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Tiberj, V. Sciences Po, dix ans après les Conventions Educations Prioritaire. Sciences Po, Paris, 2011. Pages: 26.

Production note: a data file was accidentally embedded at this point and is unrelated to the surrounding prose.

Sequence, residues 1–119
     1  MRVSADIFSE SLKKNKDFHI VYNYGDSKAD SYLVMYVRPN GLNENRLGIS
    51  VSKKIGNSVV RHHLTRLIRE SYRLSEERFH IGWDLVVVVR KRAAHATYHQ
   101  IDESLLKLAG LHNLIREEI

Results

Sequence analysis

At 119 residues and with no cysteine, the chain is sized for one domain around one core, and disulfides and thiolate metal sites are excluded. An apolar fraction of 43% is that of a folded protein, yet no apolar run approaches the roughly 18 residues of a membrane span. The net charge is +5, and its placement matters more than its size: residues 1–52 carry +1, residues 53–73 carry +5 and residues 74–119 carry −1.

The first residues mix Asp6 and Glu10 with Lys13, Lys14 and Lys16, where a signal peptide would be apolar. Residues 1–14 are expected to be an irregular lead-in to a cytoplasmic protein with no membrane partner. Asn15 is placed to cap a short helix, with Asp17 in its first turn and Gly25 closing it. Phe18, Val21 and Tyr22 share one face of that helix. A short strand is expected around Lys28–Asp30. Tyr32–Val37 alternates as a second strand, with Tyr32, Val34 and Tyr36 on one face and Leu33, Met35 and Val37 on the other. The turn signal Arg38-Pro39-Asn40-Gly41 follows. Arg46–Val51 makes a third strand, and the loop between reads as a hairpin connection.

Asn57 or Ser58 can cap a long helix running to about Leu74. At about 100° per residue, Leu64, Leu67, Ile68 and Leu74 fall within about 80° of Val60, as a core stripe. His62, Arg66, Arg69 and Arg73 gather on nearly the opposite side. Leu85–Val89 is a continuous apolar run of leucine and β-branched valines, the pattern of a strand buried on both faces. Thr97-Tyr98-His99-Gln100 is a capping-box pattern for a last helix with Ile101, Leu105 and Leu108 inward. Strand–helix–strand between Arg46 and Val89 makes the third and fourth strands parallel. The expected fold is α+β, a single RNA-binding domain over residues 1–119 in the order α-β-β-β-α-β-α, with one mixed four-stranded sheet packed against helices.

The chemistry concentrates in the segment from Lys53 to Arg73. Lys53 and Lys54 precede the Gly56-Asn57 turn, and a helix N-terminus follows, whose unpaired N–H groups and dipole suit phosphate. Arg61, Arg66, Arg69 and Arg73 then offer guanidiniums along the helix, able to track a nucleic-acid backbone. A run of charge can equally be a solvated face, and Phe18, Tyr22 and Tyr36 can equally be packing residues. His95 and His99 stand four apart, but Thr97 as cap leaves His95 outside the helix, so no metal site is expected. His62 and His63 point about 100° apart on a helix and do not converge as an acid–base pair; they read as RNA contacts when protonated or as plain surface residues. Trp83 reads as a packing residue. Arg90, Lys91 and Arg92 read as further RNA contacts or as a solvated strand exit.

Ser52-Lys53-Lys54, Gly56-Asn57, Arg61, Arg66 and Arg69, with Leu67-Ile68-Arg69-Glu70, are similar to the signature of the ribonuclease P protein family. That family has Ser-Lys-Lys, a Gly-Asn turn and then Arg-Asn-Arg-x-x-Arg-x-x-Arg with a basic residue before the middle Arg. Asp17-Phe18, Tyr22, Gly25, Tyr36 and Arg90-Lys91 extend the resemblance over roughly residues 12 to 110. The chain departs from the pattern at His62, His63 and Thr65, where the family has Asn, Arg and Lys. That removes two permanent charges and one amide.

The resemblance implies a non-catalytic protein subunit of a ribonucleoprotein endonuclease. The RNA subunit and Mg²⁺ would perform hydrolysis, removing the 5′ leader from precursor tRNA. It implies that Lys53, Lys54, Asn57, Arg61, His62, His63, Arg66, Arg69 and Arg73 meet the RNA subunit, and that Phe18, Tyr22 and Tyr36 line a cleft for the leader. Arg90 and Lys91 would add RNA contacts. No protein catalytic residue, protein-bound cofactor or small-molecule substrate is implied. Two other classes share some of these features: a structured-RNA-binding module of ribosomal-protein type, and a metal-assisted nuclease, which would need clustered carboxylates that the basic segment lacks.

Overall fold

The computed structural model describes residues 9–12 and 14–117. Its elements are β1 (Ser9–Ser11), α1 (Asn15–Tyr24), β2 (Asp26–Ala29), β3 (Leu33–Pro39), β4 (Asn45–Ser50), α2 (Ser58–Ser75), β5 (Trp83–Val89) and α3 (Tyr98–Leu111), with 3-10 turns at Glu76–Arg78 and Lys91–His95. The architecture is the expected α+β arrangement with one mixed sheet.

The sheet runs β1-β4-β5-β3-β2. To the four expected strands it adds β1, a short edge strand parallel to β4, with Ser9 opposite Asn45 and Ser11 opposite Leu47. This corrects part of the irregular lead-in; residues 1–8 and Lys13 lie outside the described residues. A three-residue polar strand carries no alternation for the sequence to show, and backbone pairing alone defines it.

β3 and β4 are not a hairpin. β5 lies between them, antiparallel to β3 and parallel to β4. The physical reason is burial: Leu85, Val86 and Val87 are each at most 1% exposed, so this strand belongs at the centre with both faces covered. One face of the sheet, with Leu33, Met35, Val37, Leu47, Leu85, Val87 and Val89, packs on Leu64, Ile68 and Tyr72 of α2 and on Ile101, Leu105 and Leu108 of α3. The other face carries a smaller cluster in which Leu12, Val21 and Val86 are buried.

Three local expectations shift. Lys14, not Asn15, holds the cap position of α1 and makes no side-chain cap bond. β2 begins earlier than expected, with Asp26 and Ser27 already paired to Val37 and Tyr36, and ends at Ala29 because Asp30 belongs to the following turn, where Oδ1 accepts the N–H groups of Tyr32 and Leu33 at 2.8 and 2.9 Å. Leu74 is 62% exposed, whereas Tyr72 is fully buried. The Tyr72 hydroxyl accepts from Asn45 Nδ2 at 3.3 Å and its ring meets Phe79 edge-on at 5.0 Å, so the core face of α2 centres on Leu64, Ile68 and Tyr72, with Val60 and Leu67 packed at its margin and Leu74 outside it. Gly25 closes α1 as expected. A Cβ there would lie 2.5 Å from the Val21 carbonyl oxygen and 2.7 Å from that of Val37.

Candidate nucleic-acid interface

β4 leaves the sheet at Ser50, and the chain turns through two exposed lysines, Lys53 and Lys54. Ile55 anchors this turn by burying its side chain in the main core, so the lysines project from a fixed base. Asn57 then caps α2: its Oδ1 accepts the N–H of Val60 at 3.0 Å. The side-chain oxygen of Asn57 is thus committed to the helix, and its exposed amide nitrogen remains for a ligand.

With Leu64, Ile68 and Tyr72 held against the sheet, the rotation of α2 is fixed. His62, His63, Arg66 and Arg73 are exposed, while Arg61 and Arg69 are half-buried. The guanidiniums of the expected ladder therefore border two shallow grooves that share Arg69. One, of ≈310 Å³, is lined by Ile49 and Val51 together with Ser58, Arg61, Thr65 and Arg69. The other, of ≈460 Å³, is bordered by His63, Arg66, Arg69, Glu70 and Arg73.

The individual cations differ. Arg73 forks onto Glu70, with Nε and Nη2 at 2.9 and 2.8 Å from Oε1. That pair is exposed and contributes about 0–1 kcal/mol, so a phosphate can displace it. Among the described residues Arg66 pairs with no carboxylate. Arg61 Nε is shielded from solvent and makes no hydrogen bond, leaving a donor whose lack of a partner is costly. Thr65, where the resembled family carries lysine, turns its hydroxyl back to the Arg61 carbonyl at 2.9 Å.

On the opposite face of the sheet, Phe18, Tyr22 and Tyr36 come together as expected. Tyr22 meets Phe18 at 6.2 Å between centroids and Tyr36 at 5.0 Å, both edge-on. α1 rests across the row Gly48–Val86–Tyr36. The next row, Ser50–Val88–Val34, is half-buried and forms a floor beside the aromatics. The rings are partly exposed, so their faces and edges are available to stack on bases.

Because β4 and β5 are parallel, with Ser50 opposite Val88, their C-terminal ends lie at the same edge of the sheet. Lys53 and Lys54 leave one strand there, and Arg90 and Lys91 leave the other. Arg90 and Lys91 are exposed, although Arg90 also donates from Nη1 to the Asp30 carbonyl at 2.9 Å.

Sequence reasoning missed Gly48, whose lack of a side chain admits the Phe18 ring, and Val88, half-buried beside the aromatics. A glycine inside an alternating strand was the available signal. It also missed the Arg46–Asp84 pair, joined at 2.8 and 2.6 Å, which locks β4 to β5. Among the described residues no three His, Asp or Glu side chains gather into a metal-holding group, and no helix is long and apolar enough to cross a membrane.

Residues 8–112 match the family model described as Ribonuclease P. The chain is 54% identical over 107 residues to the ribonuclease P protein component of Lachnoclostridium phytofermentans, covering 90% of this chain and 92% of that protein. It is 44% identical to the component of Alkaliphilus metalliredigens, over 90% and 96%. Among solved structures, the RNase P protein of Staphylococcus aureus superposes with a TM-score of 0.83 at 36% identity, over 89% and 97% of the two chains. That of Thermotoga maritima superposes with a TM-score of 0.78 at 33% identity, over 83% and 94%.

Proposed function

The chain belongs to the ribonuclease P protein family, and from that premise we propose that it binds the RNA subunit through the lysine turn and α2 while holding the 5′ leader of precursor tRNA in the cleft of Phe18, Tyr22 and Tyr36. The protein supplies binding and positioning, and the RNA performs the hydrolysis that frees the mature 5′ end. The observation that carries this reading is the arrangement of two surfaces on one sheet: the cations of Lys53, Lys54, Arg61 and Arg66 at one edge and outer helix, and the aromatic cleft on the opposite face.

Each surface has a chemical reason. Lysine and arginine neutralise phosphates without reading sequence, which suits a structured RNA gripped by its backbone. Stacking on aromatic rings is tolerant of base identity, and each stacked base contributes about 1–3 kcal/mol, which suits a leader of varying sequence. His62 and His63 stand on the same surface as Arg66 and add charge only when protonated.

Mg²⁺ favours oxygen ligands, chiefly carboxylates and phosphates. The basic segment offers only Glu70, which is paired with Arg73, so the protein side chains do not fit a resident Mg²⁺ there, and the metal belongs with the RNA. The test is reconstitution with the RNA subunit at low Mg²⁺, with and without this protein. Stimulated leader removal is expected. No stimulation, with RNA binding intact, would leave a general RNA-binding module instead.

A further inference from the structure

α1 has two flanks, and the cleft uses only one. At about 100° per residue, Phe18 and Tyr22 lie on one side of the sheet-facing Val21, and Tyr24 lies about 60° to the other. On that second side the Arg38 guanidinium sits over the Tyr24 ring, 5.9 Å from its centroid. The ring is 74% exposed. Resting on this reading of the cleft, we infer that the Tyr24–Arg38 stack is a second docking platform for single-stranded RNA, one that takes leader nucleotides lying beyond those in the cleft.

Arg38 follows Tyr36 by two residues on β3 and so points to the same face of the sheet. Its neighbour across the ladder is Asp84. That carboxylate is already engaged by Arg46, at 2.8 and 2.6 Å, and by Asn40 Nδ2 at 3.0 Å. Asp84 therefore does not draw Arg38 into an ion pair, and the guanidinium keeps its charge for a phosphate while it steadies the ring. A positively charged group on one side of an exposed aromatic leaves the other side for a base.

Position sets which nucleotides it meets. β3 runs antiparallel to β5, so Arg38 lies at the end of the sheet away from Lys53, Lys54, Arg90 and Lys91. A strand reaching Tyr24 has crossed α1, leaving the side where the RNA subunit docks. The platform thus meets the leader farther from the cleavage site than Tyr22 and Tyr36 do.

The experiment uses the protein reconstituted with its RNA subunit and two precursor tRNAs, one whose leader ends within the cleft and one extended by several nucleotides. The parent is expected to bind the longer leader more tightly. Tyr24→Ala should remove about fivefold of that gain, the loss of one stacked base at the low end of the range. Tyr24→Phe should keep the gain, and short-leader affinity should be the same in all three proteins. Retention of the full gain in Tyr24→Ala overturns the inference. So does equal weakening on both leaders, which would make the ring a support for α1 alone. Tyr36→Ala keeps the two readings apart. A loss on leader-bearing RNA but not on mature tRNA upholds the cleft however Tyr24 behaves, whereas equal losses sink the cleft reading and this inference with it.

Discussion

In 2001, L'Institut d'Études Politiques de Paris (Sciences Po) launched what it called the Priority Education Conventions scheme in order to encourage the recruitment of students from underprivileged backgrounds through ‘positive discrimination’. In doing so, Sciences Po provided a group of students with opportunities that otherwise (in all likelihood) would not have been available to them to pursue studies at this highly prestigious higher education institution in France. Several high schools from “priority education zones” (i.e. disadvantaged or violence-prone areas) were involved in the implementation of this scheme at its initial stage. The entrance examination requirements were dropped for 10% of the intake of Sciences Po in 2001 representing the Priority Education Conventions body of students. By 2011, 860 students who had been recruited through this special pathway had received their diplomas, while the overall number of participating high schools increased to 85. Sciences Po, dix ans après les Conventions Educations Prioritaire summarises the results of a study that has been conducted by Dr. Vincent Tiberj from the European Studies Center of Sciences Po to evaluate the mid-term progress of this widely criticised initiative and to track the achievements of its students. Some key findings of the study highlight that